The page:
Political club hosts forum

Club discusses initiatives, programs spurs civil conspiracy debate

Louisa+Jackson+%28LEFT%29%2C+a+business+administration+major%2C+asks+a+question+during+the+%E2%80%9CPolitical+Activism%2C+Beyond+the+Ballot+Box%2C%E2%80%9D+event+at+the+Library+and+Learning+Resource+Center+on+Thursday.
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Political club hosts forum

Louisa Jackson (LEFT), a business administration major, asks a question during the “Political Activism, Beyond the Ballot Box,” event at the Library and Learning Resource Center on Thursday.

Louisa Jackson (LEFT), a business administration major, asks a question during the “Political Activism, Beyond the Ballot Box,” event at the Library and Learning Resource Center on Thursday.

Christian Urrutia / The Advocate

Louisa Jackson (LEFT), a business administration major, asks a question during the “Political Activism, Beyond the Ballot Box,” event at the Library and Learning Resource Center on Thursday.

Christian Urrutia / The Advocate

Christian Urrutia / The Advocate

Louisa Jackson (LEFT), a business administration major, asks a question during the “Political Activism, Beyond the Ballot Box,” event at the Library and Learning Resource Center on Thursday.

By Benjamin Bassham, Circulation Manager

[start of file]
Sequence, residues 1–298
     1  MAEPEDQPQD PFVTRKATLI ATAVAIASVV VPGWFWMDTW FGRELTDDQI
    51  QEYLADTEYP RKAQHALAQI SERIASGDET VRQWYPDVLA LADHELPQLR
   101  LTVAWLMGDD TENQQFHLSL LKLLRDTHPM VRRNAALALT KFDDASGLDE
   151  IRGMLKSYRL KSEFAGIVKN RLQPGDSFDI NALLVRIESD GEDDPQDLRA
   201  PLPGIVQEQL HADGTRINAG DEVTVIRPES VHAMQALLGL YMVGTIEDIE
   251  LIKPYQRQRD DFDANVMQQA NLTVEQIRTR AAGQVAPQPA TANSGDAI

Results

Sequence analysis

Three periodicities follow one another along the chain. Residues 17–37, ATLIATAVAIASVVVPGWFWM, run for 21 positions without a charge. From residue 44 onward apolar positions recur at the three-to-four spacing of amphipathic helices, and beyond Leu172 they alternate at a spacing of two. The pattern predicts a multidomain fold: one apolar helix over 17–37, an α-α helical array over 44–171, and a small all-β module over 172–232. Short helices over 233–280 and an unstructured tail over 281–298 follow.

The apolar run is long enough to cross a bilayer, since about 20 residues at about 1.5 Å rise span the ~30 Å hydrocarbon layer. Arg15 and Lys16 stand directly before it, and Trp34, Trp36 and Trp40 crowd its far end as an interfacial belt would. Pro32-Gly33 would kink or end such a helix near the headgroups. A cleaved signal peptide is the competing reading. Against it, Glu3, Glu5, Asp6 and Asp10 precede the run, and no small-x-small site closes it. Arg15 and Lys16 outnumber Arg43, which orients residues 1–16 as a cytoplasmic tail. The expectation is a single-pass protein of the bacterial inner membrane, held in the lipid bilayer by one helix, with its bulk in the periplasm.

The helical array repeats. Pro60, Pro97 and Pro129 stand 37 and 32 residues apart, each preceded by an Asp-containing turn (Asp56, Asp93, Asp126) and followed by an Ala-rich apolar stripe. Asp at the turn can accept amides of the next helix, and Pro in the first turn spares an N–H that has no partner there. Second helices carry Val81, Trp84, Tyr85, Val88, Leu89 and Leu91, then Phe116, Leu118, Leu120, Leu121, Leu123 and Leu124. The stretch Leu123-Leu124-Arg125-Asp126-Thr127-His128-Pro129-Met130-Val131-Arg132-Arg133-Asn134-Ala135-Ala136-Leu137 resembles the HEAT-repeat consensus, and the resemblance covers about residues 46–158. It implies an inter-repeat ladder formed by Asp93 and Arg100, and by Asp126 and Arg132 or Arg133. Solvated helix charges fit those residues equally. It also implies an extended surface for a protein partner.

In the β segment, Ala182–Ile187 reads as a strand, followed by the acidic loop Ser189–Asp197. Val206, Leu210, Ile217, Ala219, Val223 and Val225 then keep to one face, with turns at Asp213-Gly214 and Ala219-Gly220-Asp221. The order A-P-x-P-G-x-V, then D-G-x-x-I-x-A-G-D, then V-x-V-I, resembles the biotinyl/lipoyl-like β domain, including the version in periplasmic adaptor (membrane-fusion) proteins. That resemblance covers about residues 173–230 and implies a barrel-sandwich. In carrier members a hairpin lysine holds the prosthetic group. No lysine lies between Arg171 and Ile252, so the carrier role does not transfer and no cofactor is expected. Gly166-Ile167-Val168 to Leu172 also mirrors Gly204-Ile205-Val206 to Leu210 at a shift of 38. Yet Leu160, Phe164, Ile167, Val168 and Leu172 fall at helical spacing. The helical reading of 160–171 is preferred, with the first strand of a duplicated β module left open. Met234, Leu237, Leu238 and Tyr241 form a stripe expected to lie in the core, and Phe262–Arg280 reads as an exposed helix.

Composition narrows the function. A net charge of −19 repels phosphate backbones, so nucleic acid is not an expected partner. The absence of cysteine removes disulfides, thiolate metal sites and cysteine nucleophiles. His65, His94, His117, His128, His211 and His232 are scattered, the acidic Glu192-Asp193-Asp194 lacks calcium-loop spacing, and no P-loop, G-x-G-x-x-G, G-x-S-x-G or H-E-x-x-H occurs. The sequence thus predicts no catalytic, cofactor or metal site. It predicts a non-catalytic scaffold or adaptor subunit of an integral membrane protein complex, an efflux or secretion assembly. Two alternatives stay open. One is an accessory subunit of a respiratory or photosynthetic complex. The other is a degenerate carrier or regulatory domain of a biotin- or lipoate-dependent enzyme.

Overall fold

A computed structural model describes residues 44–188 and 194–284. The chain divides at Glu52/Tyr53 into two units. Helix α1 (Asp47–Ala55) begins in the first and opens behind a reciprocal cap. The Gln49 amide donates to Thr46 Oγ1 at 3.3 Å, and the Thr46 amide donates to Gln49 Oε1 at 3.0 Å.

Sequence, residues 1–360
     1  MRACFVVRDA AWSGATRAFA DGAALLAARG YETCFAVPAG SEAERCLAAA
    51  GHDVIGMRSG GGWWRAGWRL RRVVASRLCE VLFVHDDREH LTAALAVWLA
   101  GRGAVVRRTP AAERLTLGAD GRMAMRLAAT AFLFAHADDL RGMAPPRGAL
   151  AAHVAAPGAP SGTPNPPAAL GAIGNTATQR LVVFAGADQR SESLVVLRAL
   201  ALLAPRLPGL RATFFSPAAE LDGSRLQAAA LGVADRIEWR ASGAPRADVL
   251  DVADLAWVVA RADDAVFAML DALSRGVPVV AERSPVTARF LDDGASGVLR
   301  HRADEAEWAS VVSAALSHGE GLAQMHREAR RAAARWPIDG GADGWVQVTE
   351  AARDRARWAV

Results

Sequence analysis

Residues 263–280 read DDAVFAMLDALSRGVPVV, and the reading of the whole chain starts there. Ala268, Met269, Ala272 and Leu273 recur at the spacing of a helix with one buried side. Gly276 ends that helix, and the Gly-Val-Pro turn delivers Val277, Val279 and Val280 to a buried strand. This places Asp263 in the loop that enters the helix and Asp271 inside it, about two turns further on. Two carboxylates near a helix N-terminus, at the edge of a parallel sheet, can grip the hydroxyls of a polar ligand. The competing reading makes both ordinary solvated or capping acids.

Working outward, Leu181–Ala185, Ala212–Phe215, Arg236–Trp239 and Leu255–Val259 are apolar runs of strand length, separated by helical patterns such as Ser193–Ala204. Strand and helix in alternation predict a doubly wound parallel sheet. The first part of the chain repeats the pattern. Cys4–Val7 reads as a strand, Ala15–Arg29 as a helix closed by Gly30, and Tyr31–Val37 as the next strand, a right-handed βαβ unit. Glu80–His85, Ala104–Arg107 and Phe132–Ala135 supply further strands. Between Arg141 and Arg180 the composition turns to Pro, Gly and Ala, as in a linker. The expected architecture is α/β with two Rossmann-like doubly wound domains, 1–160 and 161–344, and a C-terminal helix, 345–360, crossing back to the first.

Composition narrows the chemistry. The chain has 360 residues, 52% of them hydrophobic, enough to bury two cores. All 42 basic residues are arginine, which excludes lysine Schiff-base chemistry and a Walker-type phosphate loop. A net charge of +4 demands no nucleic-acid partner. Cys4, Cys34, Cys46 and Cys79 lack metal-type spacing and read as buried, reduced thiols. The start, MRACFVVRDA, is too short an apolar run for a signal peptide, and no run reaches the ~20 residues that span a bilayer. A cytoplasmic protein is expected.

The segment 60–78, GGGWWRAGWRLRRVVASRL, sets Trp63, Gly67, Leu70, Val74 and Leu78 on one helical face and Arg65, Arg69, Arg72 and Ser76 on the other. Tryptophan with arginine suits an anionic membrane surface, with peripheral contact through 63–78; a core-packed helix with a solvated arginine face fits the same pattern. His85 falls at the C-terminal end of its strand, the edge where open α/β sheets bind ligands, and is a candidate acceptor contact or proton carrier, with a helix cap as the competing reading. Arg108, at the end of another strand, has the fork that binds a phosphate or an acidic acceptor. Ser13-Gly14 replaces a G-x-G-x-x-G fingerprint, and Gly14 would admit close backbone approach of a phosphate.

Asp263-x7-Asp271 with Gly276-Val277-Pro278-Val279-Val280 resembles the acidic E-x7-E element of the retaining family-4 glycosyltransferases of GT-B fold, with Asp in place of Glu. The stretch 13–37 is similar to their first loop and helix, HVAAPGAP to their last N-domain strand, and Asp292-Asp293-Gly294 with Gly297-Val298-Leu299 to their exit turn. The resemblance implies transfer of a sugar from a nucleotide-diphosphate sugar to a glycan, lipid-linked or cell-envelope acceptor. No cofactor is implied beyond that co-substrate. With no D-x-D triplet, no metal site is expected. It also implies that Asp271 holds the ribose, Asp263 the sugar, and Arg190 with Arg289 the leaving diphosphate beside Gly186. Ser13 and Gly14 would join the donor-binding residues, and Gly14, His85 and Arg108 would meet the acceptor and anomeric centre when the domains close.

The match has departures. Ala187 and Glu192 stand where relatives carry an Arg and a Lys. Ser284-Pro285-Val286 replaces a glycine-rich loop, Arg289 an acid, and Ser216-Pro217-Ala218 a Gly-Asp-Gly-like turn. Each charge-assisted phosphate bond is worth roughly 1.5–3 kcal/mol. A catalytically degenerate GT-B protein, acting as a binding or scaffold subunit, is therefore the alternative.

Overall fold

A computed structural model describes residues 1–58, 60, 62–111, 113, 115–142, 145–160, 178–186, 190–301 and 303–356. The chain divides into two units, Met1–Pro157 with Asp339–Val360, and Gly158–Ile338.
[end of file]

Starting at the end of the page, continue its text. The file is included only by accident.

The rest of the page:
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The Community Organizing and Political Action (COPA) Club presented “Political Activism, Beyond the Ballot Box,” on Thursday from 4-5 p.m. on the main floor of the Library and Learning Resource Center, co-sponsored by the Library.

COPA secretary Milca Baires said, “We invited a variety of panelists who are still tied together.”

Vanna Gonzales, political science professor opened the panel, introduced the speakers and gave a short talk about COPA.

She said COPA meets every third Thursday of the month and right now there is opportunity for a poll-worker trainer to come to the college.

Right now only 12 people have signed up to be trained, and the trainer will only come for a minimum of 20 people.

The representative for the Canal Alliance was delayed by the inclement weather, but arrived after a few minutes.

Community Organizer Megan Zapanta, representing the Asian Pacific Environmental Network (APEN), was the first panelist.

Zapanta said APEN exists to address environmental justice issues in Richmond, Oakland and  around California.